Getting the book-bee bug creates a lasting inner life
Columnist Uzma Jalaluddin is drawn to a bookcase like a moth to a flame and is hopeful that a love of reading will be passed down to her sons.
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I love books. This will come as a surprise to no one. I teach English, and spend spare moments looking up new books to read. I have even started writing books of my own. I’m the nerd who uses Amazon to buy books, not toilet paper.
I’ve tried to pass along this passion to everyone around me, especially my kids. But they read and consume books differently than I do.
Reading is my first love, and I am loyal. My husband understands this; his first gift to me was a used copy of One Hundred Years of Solitude by Gabriel Garcia Marquez. My kids enjoy reading but not in the same way. Their love is divided between video games, drawing and sports.
To this day, whenever I see shelves filled with books, whether in a mall or someone’s house, I stop what I’m doing and wander over, a book-bee drawn to the sweet nectar of the written word.
And I’m always reading.
I grew up frequenting nearby Toronto public libraries. I read so much, there was no other way my parents could keep up with my demand. In university I haunted libraries, especially Robarts at the University of Toronto. Whenever my friends had a research project that required a trip to the stacks, I played tour guide and showed them how to use the catalogue and computer checkout.
Today, my kids prefer to buy the books they read, and they collect series, such as Diary of a Wimpy Kid or Magnus Chase. They also reread their favourites over and over. This is OK, but I know that the true allure of libraries is their power of possibility. I love to wander library aisles, on the prowl for my next favourite book or author.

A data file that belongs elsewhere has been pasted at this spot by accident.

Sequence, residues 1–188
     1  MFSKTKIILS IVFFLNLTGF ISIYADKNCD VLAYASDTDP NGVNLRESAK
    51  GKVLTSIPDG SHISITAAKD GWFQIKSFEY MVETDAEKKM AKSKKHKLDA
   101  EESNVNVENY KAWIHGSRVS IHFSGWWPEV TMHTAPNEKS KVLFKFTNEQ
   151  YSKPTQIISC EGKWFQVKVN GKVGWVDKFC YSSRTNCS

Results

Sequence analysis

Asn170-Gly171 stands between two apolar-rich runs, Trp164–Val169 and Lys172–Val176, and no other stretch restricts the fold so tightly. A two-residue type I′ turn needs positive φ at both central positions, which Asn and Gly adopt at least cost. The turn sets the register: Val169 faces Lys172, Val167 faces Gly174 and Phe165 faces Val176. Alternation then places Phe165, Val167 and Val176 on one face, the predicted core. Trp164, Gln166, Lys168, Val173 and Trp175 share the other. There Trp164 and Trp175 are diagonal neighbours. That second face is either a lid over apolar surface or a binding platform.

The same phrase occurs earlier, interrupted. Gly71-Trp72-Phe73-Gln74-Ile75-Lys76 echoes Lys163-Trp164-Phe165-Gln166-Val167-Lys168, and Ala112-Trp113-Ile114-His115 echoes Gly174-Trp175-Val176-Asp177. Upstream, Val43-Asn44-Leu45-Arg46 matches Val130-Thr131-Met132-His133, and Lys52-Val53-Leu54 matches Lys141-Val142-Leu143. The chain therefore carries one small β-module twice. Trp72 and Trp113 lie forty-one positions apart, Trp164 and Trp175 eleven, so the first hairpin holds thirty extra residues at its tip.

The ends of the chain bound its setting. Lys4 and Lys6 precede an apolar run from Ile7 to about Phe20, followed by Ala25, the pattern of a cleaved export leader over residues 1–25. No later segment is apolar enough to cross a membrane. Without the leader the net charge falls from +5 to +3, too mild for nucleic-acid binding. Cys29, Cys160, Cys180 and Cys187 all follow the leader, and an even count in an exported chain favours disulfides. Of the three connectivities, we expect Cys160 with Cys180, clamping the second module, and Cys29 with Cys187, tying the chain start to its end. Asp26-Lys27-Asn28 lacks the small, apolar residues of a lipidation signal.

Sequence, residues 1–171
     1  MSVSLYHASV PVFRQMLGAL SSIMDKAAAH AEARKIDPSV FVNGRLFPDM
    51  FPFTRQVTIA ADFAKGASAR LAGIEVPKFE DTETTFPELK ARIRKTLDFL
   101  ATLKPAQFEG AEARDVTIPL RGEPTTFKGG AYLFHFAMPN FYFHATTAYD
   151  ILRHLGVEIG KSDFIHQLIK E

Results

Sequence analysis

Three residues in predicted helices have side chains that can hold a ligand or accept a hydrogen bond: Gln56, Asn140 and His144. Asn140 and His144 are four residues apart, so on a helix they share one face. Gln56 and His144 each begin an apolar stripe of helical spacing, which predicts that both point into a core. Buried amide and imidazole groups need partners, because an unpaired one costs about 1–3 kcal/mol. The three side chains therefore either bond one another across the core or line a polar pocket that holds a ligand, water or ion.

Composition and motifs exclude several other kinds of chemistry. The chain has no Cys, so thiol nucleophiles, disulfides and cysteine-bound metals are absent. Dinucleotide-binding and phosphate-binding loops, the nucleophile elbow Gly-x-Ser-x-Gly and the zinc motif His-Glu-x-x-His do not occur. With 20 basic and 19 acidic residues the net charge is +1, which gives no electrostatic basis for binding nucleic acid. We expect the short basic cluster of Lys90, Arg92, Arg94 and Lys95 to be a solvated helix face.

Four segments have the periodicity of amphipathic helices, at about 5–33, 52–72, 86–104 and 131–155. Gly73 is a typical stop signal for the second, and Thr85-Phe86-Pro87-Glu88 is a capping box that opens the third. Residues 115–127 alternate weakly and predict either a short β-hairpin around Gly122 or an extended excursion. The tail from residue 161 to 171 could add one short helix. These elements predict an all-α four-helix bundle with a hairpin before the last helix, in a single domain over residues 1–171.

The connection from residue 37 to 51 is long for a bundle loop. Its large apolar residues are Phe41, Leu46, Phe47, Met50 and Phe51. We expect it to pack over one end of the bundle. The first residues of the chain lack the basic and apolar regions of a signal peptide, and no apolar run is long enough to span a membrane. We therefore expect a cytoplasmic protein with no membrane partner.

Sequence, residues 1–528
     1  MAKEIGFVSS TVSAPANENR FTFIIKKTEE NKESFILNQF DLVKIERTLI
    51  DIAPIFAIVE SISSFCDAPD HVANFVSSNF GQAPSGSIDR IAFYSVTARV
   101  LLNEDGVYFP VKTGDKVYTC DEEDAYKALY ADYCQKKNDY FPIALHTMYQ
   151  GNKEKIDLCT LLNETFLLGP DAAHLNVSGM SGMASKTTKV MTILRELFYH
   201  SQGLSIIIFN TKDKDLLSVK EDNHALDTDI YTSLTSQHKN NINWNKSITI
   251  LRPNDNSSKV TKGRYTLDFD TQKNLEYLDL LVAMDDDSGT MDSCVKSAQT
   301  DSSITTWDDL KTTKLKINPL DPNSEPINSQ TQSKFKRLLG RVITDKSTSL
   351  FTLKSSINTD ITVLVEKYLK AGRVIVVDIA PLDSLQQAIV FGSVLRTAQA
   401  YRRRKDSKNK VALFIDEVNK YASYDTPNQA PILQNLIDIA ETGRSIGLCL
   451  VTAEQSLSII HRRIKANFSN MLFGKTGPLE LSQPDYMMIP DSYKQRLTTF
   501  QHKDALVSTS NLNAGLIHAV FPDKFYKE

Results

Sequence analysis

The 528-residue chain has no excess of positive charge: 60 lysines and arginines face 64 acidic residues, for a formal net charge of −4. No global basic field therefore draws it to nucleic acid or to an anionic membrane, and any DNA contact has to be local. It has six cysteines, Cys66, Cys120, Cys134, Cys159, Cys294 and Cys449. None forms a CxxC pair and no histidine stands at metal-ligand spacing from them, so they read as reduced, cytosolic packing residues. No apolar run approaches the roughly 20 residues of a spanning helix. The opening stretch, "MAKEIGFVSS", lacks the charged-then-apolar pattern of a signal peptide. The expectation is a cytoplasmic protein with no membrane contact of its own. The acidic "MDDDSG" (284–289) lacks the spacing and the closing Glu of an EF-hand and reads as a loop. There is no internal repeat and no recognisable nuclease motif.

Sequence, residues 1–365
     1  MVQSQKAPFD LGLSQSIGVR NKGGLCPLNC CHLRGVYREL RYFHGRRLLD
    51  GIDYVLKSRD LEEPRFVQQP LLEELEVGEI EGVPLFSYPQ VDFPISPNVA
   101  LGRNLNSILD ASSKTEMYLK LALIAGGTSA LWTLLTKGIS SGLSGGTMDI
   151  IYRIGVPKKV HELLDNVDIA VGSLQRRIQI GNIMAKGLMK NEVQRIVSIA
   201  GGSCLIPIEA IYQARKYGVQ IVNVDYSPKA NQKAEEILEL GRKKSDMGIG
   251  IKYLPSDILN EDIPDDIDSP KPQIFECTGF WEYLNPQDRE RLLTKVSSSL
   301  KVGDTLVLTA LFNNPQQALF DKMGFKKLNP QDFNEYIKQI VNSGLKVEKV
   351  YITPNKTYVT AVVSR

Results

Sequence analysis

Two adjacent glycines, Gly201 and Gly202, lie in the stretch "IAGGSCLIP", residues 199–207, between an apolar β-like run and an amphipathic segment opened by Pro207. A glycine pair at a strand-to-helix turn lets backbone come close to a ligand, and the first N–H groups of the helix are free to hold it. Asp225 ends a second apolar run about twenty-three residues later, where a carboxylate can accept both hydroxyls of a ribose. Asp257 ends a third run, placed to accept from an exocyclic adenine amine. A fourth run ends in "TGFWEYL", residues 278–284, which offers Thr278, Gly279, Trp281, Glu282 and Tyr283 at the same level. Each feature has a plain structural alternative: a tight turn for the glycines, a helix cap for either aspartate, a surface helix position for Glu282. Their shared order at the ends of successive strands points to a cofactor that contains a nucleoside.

I have always read widely, and my tastes have changed with me. Young adult selection was limited in the ’80s and early ’90s, but I read the usual suspects: Judy Blume, Robert Cormier, Christopher Pike and R.L Stine.
I also read a lot of Canadian writers. Not just everything L.M. Montgomery wrote (The Blue Castle! A Tangled Web! All the Anne books!) but my first introduction to humour writing was through the great Canadian comic authors. Gordon Korman’s earlier work had me in stitches (Losing Joe’s Place, Our Man Weston, A Semester in the Life of a Garbage Bag) as well as the entire canon of Robertson Davies and Donald Jack. I love The Resurrection of Joseph Bourne by Jack Hodgins. I read Margaret Atwood and Alice Munro, Margaret Laurence, Timothy Findley and Sinclair Ross.
I read Agatha Christie and Louise Penny. Then I discovered comic sci-fi/fantasy novels and spent most of high school finding my true sarcastic voice through Piers Anthony, Terry Pratchett and my all-time favourite, Douglas Adams’ The Hitchhiker’s Guide to the Galaxy series and later, Jasper Fforde.
The British invasion continued with Jane Austen and led to funny romantic comedies such as Helen Fielding’s Bridget Jones’ Diary.
I developed a fondness for South Asian voices in university — Chitra Banerjee Divakaruni, Arundhati Roy, and later, as a young mother, The Interpreter of Maladies and The Namesakeby Jhumpa Lahiri. That was the first book I read that wasn’t just a window into how other people lived, but a mirror into the shared experience of being a desi second generation immigrant.
So many books, each corresponding to a different stage of life, so that my own modest library is a biographical timeline. But my real collection is stored on my library cards and on the shelves of the hundreds of libraries that dot the GTA.
This summer I visited Blue Heron Books in Uxbridge. I dragged my kids and husband and some friends too, and wandered the shelves of the independent book seller. I chatted with the teenage cashier as she rung up my order — The Maze Runner for Mustafa, a Batman and Robin graphic novel for Ibrahim and a few books for me. She told me that Uxbridge has 64 active book clubs.
The stories we tell ourselves, the stories we read on the page, they become a part of who we are. I always encourage my students to read. “Reading books makes you smarter and better-looking,” I tell them, only half-joking.
Books let us dream about the lives of others, and the life we want to lead. To me, they have always been the very stuff of life. I hope one day my kids will feel the same way too.